The Iran deal at one year: Reality vs. the promises Political and military events
To mark the first anniversary of President Obama’s deal with Iran, the folks at the Foreign Policy Initiative have just published a comprehensive compilation of promises vs. results. It’s a devastating roundup.
FPI’s Tzvi Kahn notes what Obama, Secretary of State John Kerry and other top officials promised at the time would happen if the deal went through — in contrast with what we know now.
The level of willful deceit from Team Obama is horrifying. For example:
- Under the deal, Obama said, “We will, for the first time, be in a position to verify all of [Iran’s] commitments.” A year later, we have less information about Iran’s nuclear activities than we did before the pact.
- Washington will get full access to any military and “suspicious” location; Iran’s failure to allow it would result in a “snap back” of sanctions, said Kerry. Huh: The deal turns out to include an unprecedented arrangement that relies on Iran to “self-inspect” its Parchin military complex. Iran continues to deny access to Parchin and other key sites, citing the agreement to let it self-inspect.
- Kerry insisted the deal contained “the exact same language” as UN resolutions prohibiting ballistic-missile development. Iran has since revealed a loophole that allows such development — which it’s been exploiting, while Team Obama now says it isn’t a violation. Kerry says he wants a “new arrangement” on the issue but agrees Washington is “powerless” to stop the missile program.
- Obama insisted the deal left a “one-year breakout time” for Iran to get the bomb if it violated the agreement. Other experts say it’s more like seven months — and the latest International Atomic Energy Agency report omits data that makes it possible to calculate.
- Iranian nuclear cooperation with North Korea would be “a gross violation . . . and we would take action,” said Kerry last year. Evidence since then shows Tehran has imported nuclear technology from Pyongyang.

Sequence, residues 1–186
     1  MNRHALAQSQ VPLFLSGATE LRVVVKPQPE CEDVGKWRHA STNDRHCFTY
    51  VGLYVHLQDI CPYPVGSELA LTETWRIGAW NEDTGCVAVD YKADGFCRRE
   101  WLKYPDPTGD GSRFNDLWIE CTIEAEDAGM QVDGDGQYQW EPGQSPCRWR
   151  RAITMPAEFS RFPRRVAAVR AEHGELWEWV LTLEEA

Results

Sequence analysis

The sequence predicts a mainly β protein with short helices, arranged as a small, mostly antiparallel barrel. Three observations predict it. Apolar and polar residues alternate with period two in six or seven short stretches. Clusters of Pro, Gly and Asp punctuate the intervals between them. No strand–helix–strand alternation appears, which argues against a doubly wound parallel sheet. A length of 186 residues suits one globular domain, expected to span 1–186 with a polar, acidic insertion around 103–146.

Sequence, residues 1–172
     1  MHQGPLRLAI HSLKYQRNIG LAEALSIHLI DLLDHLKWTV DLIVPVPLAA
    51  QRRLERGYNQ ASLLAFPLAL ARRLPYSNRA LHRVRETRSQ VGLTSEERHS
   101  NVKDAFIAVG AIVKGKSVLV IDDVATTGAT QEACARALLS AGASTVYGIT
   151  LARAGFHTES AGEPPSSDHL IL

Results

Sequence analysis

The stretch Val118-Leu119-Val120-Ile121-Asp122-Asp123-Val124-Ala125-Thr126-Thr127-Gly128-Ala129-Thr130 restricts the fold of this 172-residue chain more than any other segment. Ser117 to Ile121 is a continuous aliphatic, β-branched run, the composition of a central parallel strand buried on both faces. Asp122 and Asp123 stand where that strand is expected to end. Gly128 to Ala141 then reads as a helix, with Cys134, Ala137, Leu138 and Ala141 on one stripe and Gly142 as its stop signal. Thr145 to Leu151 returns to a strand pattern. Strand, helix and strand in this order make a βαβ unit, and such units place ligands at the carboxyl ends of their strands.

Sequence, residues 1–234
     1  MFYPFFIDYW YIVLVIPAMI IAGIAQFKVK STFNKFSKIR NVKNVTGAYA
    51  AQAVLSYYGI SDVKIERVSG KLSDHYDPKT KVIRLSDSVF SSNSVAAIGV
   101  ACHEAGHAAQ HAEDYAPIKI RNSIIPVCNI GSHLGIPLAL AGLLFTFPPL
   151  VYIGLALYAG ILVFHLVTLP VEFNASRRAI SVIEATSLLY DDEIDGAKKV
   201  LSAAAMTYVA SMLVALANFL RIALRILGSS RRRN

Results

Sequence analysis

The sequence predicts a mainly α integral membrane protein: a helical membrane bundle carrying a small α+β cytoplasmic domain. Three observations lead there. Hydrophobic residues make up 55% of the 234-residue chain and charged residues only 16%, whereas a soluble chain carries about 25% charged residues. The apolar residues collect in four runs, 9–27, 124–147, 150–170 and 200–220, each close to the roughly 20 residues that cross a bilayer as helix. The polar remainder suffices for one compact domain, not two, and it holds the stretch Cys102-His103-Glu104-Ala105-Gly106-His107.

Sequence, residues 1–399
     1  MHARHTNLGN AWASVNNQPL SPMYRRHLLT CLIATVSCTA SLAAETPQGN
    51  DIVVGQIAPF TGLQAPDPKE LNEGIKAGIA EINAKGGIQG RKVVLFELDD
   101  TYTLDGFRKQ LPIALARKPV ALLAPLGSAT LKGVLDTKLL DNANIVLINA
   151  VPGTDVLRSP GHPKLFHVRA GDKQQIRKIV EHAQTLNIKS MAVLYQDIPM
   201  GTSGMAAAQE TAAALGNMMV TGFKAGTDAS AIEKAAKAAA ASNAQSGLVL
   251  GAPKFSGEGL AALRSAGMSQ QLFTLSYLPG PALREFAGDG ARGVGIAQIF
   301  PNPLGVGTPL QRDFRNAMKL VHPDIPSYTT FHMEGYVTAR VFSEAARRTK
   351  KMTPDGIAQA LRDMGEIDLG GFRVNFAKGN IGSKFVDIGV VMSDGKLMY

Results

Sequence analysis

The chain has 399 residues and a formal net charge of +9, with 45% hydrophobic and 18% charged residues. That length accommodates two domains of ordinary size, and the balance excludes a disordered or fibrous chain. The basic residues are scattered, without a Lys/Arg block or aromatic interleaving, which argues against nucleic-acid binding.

- Obama swore the United States would “maintain powerful sanctions” on Iran for its sponsorship of terrorism. Since then, he has opposed all congressional non-nuclear sanctions bills, and Kerry has pushed non-US banks to resume business with Iran.
- Kerry vowed “we will never, ever stop” holding Iran to account for human-rights violations. Yet Washington hasn’t sanctioned Iran on a single case.
- Treasury Secretary Jack Lew insisted sanctions relief would not change the level of Iran’s support of terrorism. Post-relief, Iran approved a 90 percent increase in military spending.
- Obama said the deal would allow Iran “to move toward a constructive relationship with the world community.” Funny: Iran continues to threaten Israel with destruction, has launched cyber-attacks against the United States, holds Americans and other Westerners as hostages and illegally seized US sailors.
White House aide Ben Rhodes also admitted that Team Obama just spun a myth about a split within Iran between hard-liners and moderates.
Everything we’ve learned in the past year speaks to this deal as one of the biggest, most dangerous diplomatic blunders in US history. More than anything else, it will define Barack Obama’s legacy.
That’s actually what he’s always wanted — but it seems sure he’ll come to regret it.